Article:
Now, for the project itself:

Here is a link to the new ski lodge that's being built. At 14 seconds into the video, you'll see the "S" shaped base where the walnut bar will be.  Most of the work will be done here, then transported for final assembly and finishing in 2 weeks.

BTW: Home Depot does rent a 12" circular saw only they don't know they have it. It's a Bosch 12" concrete saw that works just wonderfully if you put a wood blade on it. They didn't know that over the phone, but it was obvious once I visited and saw the saw. It's a standard 1" arbor and I have plenty of these blades.

Updates to follow


roc's picture

Mascot ! (post #170730, reply #15 of 19)

What's going on there ?  Bassett rottweiler mix ?

Does he have his own tool belt ?

Thanks for photos (side tip reduce photo file size to ~ 700 MB before up loading.  Some people have slow internet and can take for ever to load a photo of full size ).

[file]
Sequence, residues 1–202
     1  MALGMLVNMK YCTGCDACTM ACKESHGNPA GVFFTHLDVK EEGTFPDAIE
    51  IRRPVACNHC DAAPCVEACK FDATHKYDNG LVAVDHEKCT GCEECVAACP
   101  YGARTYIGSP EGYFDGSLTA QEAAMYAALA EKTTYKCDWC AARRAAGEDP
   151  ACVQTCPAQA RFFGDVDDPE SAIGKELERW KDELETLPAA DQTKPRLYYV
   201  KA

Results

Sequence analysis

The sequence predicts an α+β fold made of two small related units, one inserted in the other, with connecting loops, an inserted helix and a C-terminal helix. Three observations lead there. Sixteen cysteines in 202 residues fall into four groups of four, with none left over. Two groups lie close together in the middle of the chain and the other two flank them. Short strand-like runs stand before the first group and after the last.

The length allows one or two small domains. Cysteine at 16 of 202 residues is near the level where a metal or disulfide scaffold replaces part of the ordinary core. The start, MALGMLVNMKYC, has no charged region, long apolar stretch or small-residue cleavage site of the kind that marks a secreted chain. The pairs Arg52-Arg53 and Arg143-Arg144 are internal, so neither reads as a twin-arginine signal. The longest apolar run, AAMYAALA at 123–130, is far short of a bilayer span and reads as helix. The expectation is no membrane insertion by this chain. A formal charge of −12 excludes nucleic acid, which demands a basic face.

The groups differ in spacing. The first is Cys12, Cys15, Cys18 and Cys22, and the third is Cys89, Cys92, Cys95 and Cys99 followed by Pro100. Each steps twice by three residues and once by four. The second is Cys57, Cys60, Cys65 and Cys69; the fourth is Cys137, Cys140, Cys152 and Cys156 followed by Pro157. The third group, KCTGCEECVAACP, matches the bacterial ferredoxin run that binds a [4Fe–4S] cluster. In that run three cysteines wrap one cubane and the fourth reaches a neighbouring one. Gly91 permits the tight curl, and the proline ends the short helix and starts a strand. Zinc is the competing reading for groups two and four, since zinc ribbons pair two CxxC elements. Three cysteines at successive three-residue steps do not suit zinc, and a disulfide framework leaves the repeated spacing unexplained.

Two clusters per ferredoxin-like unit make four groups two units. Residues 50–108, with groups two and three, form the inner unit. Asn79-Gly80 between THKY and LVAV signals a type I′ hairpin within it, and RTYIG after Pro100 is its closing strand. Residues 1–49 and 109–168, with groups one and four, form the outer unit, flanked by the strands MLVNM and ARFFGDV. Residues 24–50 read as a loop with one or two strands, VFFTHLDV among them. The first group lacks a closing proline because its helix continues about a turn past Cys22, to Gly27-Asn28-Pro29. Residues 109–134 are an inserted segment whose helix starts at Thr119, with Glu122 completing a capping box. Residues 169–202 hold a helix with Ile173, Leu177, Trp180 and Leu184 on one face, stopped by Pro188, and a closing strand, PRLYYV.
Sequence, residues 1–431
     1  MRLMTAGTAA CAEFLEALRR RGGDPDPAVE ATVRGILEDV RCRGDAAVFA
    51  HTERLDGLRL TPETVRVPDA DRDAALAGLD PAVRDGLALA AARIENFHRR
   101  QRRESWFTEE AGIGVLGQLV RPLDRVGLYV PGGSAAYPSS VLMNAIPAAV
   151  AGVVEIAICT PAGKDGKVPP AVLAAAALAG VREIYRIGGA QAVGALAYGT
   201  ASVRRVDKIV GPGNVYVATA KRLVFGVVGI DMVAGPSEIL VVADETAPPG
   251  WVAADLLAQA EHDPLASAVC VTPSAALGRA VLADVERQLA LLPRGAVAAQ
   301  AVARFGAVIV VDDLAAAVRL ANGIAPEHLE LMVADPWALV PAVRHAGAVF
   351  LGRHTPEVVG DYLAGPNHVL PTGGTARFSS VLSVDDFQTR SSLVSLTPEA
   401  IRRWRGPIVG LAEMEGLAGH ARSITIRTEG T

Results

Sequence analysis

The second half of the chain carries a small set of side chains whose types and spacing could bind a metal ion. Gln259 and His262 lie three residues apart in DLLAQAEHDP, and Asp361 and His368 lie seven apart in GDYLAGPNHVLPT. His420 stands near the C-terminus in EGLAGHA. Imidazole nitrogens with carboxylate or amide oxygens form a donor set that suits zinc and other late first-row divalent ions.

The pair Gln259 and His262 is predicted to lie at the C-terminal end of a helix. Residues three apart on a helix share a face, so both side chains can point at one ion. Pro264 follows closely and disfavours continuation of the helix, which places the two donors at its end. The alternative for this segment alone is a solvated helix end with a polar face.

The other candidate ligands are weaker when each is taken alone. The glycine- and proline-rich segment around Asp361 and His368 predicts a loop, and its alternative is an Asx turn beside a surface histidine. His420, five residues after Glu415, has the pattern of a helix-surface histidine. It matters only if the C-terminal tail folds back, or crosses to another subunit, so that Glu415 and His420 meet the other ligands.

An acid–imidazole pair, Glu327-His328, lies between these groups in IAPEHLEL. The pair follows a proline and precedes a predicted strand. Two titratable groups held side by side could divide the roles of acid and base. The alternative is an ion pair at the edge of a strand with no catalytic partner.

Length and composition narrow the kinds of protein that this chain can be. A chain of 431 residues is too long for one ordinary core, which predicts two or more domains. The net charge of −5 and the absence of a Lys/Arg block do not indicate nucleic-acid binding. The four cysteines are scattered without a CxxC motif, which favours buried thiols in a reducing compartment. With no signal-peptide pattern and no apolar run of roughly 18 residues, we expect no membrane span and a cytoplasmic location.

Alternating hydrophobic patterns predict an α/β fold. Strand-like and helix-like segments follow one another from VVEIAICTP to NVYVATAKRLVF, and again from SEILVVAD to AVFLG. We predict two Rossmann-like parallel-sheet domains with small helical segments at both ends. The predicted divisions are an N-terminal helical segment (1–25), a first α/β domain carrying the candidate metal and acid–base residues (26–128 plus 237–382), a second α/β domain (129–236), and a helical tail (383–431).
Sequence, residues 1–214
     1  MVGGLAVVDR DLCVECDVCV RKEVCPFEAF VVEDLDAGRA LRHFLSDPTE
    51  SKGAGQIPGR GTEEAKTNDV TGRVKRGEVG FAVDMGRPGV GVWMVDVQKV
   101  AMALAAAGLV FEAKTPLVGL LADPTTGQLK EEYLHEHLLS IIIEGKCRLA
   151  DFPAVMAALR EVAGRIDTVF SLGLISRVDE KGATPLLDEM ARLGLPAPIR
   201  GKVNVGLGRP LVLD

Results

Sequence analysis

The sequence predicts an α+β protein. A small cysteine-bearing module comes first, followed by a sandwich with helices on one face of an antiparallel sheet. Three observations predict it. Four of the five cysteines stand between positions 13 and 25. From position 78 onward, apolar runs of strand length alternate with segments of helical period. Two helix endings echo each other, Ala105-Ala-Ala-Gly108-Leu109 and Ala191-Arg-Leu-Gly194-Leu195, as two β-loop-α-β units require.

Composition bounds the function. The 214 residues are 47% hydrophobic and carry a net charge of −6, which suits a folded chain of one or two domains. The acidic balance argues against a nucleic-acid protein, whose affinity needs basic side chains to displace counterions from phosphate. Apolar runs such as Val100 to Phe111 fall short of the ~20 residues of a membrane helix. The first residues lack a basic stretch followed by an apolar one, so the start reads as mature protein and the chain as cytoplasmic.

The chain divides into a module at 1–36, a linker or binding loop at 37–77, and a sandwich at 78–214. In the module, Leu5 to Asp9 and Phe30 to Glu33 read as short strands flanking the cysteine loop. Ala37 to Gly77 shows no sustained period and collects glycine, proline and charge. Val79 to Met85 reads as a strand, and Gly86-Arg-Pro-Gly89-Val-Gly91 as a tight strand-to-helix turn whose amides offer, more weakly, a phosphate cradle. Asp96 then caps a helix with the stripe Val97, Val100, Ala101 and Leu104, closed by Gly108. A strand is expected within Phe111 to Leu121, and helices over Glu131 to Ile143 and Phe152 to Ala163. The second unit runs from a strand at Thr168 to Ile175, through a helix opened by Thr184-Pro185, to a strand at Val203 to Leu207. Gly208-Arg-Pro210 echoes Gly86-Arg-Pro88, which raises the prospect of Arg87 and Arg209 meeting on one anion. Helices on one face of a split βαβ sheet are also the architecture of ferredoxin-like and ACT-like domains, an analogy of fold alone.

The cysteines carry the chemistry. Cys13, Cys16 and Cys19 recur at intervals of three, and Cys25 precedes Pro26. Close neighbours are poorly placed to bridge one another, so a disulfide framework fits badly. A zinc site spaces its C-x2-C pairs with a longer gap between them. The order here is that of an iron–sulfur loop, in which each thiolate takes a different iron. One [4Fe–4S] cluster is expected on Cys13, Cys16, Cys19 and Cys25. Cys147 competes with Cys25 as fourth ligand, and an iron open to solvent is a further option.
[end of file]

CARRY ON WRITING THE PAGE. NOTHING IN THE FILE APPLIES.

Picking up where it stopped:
Wow you are on your way.  Smart thinking with the Home Depot saw !


Give me six hours to chop down a tree and I will spend the first four sharpening the axe. Abraham Lincoln ( 54° shaves )

Zolton's picture

Tablesawing the slabs.. (post #170730, reply #16 of 19)

This might sound crazy, but have you considered upending a portable 10 inch tablesaw and running it down the slabs to create your straight edge? A 10 inch saw should be able to give you the depth of cut you need.